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Investors Relations & Haldex information

European Union

1 December 2021

As a global supplier of brakes and suspension components, Haldex has sales operations around the world. But what may be less widely known is that much of the company’s manufacturing operations remain in Europe; so it has good cause to be considered a European brand.

For example, last year, although production of Generation 3/Generation 1 EBS brakes, and the ILAS+ and COLAS+ Duo and COLAS+ Single suspension systems moved out of Heidelberg, Germany, it restarted in a small town east of Budapest, Hungary – still comfortably within the European Union.

The transfer of production occurred during COVID lockdowns, says factory manager Balázs Keszey. And while the production machinery was dismantled in spring 2020 under the supervision of the manufacturers, then shipped to Hungary. The original plan to use their expertise in setting them up again was shelved with the health restrictions that prevented foreign travel.

What happened next at least dispelled any suspicions that the Hungarians were not as technologically-sophisticated as their western neighbours. How did they do it? Keszey replies: “We had to solve the assembly problems ourselves,” he adds.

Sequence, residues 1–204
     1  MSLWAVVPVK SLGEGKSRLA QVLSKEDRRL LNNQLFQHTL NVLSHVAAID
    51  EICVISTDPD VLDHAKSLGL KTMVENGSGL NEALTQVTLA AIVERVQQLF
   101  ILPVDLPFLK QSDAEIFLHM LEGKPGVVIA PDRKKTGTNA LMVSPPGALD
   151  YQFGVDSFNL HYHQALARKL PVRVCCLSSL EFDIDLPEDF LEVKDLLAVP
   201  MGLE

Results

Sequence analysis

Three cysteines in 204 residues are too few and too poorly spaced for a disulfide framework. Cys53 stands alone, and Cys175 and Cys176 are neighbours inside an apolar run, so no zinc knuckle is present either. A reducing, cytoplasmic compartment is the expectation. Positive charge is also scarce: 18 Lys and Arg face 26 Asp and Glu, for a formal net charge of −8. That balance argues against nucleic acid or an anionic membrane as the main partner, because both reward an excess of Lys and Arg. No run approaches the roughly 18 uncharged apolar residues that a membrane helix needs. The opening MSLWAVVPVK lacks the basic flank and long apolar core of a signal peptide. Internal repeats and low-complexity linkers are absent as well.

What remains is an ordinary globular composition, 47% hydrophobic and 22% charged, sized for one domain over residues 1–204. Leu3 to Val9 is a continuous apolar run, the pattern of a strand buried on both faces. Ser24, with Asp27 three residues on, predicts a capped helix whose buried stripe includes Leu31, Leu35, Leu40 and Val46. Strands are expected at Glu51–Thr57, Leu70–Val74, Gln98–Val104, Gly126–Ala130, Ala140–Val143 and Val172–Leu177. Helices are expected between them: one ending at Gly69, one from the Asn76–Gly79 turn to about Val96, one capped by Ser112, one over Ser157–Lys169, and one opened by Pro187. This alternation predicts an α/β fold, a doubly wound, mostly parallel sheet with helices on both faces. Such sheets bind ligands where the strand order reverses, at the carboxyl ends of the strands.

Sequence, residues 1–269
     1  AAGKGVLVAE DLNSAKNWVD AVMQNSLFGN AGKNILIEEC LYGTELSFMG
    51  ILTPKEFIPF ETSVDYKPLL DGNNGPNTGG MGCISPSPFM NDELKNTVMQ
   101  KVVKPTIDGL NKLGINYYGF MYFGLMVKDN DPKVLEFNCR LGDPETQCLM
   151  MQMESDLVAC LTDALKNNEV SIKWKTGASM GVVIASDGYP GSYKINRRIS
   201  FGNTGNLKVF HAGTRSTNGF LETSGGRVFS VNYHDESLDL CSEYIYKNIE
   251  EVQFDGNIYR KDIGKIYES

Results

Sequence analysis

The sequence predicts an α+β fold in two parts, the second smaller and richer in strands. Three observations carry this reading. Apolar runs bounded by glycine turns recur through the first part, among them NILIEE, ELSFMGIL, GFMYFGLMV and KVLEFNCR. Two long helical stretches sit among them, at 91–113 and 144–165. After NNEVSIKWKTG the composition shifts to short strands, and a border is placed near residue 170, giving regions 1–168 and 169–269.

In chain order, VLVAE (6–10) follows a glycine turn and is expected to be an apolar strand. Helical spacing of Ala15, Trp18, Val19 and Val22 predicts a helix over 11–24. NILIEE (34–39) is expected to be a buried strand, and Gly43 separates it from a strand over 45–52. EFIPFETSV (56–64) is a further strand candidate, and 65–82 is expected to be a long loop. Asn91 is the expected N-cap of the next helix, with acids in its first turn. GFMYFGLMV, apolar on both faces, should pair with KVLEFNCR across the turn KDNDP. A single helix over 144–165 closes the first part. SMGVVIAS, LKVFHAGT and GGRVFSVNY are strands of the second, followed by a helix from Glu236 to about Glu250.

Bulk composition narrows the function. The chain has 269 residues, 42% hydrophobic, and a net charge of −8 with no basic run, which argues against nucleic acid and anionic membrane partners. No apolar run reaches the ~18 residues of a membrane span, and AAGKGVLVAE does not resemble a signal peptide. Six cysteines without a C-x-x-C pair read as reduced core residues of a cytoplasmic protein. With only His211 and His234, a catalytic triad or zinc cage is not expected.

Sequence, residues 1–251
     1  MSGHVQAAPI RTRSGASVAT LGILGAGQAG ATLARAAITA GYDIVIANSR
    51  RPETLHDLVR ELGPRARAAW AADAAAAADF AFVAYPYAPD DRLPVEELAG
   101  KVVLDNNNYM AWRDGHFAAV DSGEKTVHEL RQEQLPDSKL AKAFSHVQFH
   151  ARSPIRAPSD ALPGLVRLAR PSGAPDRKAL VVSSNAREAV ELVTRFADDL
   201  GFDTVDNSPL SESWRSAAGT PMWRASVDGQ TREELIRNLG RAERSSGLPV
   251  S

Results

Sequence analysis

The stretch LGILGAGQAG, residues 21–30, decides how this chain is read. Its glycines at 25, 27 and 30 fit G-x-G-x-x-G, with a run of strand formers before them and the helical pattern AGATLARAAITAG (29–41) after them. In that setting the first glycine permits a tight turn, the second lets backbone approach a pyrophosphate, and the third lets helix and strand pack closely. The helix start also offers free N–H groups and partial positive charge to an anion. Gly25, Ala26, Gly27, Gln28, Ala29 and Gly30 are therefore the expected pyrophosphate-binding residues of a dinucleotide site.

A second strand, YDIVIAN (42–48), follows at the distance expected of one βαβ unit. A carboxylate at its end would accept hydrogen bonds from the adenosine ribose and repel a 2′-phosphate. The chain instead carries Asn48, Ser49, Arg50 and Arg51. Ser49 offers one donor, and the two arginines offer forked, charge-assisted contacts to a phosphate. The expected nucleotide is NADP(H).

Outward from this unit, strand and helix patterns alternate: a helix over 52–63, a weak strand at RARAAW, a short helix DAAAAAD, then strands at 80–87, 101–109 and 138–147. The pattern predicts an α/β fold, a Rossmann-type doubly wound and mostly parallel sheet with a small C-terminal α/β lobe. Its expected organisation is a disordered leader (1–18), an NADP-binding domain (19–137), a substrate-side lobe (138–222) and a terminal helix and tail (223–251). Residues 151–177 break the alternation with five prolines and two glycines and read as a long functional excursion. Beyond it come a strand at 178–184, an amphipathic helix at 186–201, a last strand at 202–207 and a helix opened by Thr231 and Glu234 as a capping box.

Since the factory began operations in 2004, its several hundred employees have made products using manual or semi-automatic production. In contrast, the Gen 3 line is a heavily-automated system that includes testing and data management of performance of parts after each station. That data is handled by a database and software evaluates it and determines after each step whether the product fulfils the spec or not. He gives particular credit to local engineer Gergey Nord for setting up the automated Gen3 line, as well as Heidelberg’s former engineering leader Torstein Scheidt for (remote) assistance.

“We are focusing on automation competence build-up,” he adds, partly because this year the factory is gearing up to begin production of Haldex’s fourth-generation EBS product. That highly automated and digitalised line will be the first to be set up originally in Hungary. Serial production is set to begin at the end of the year.